For lovers of Camembert, the downy white rind is the tart bite that balances out the fat-laden, oozing, pungent layer inside.
For a group of Swiss bioengineers, that moldy rind is one of nature's greatest living surfaces, doing double duty as a shield and a cleaner. The rind allows the cheese's deep flavor and aroma to mature, but also defends it against microorganisms that could spoil it. The cheese repays the fungi on the rind by supplying it with nutrients.
So amazing is the rind that the scientists, who are interested in designing "smart," functional materials, used it as an inspiration to build their own living material. The researchers describe their work in a paper published this week in the Proceedings of the National Academy of Sciences.
"We were interested in how the fungi claims the whole cheese for itself," Lukas Gerber, a researcher at the Institute for Chemical and Bio-Engineering in Zurich and an author of the paper, tells The Salt. "So we took this concept of the fungi defending its food and combined it for the first time with artificial materials."
Gerber say that living materials modeled off cheese rinds could be useful to make products with self-sterilizing surfaces.
But how does Camembert even get its rind in the first place?
The cheese hails from the French province of Normandy, where various legends claim it came into being sometime between 1680 and 1791. (Normandy is "the mecca of bloomy white rinds," like Brie and Camembert, according to the famed Murray's cheese shop in New York.)
Its inventors, whoever they were, figured out that if you take whole, raw milk, curdle it with rennet, and then hand-ladle it into small, single molds without breaking the curd, you get an exceptional cheese.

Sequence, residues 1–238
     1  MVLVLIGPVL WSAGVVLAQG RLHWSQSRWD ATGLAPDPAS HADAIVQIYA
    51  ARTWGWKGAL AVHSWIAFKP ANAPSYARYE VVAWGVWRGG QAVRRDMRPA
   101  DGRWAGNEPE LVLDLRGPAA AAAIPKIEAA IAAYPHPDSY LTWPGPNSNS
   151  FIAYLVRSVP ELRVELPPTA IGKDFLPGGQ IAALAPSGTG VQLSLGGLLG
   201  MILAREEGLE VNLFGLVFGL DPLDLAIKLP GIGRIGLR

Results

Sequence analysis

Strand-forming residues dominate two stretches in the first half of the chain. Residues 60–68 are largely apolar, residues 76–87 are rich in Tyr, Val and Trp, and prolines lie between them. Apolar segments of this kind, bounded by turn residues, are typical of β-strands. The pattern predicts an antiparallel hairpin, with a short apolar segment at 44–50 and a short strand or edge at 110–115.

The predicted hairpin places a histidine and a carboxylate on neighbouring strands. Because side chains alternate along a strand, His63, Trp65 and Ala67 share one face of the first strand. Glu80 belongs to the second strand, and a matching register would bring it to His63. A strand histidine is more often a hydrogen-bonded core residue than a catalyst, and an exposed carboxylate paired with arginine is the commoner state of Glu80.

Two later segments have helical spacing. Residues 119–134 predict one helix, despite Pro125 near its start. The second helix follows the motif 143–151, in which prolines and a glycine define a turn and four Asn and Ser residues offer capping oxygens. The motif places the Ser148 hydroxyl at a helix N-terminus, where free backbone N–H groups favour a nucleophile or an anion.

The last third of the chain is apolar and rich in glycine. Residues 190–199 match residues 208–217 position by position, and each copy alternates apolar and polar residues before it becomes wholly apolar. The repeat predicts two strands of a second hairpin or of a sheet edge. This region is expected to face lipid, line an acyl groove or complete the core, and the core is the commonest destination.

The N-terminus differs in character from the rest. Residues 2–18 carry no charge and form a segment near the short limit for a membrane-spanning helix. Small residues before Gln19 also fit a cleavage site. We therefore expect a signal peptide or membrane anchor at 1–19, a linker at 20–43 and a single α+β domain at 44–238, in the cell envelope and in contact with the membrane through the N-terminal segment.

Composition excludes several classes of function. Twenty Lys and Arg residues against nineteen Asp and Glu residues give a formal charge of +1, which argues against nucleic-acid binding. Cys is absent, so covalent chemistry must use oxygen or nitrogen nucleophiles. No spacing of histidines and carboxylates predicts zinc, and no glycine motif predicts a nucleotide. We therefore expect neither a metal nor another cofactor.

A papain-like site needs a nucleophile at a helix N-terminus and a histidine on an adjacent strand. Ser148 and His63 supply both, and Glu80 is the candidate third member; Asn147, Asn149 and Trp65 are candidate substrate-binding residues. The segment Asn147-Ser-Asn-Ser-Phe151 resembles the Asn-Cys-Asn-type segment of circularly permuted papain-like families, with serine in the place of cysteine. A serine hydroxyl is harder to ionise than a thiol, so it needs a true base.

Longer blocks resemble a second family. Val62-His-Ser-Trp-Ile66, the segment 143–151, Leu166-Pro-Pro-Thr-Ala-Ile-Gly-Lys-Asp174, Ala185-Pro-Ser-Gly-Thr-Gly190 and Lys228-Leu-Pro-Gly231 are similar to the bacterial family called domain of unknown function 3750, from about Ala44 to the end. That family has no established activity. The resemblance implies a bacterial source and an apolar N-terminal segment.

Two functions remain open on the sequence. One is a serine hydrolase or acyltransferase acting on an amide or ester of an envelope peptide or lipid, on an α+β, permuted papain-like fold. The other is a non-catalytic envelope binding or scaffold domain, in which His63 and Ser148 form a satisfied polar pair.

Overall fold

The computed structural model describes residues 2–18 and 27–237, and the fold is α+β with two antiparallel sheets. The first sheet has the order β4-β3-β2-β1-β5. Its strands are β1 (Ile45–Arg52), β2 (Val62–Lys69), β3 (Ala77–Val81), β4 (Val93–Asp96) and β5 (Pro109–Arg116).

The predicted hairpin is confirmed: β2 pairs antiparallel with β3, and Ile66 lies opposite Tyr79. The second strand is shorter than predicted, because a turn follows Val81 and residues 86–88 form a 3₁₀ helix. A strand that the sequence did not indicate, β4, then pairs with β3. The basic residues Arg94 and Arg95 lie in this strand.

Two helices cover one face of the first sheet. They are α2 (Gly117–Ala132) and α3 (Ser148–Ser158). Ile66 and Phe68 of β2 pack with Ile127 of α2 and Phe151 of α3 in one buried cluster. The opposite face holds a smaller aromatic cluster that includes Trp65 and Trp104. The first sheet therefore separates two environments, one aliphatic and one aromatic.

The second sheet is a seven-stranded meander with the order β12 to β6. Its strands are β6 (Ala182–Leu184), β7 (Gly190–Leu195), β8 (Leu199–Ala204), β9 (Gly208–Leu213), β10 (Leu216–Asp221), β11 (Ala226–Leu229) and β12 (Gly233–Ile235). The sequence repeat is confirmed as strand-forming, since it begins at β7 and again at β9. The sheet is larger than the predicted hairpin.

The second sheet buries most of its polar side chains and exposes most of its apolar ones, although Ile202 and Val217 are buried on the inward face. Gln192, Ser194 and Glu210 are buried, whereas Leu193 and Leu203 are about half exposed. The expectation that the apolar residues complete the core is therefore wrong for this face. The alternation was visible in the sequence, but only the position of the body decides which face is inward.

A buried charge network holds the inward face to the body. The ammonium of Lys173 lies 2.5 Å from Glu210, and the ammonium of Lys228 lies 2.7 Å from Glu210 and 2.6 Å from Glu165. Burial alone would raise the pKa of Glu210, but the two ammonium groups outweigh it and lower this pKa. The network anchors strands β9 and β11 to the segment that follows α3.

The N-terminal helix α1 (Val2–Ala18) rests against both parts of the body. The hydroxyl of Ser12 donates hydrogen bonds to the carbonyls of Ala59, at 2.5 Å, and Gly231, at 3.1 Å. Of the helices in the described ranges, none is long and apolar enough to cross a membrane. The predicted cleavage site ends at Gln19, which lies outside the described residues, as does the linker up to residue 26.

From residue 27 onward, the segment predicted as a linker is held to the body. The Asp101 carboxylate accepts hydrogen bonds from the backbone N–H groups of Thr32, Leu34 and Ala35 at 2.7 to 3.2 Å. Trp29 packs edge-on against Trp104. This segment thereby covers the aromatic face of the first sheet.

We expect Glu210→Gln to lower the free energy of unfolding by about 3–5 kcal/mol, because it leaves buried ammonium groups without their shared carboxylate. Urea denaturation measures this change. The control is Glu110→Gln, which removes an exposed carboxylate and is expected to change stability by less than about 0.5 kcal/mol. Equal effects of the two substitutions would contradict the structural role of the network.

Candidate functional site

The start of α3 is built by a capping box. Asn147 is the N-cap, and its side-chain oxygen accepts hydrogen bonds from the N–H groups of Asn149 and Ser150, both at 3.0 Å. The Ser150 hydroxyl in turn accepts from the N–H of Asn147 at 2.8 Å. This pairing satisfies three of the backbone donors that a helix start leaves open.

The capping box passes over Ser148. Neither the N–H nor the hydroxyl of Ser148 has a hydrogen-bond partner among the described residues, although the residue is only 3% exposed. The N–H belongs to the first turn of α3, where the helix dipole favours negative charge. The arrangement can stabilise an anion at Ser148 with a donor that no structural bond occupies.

When the cheeses come out of the the mold, they are coated with Penicillium candidum bacteria and put on the shelf to age for a few weeks. At 30 to 35 days, the cheese has reached "a point," the French expression for perfect ripeness.
I've never tasted a true, raw milk Camembert — one made for the French. Here in the U.S. we only import Camembert that has been pasteurized — a requirement by U.S. food safety officials for cheese to be sold here. But I'm intrigued by the mushroom aroma the real thing is said to have. One cheese columnist poetically described a superior Camembert as having "hints of garlic, barnyard and ripe laundry."
The Camembert rind has also been compared to human skin.
"When the integrity of the rind or skin is challenged, through cutting a cheese or, in the case of a person, a wound, the integrity of the interior of the cheese (or person) is also challenged," one gourmet cheese expert told The Nibble, a specialty food magazine.
So critical is the rind to the integrity of the cheese that Camembert connoisseurs insist the cheese should be eaten within two to three days once its seal has been broken.
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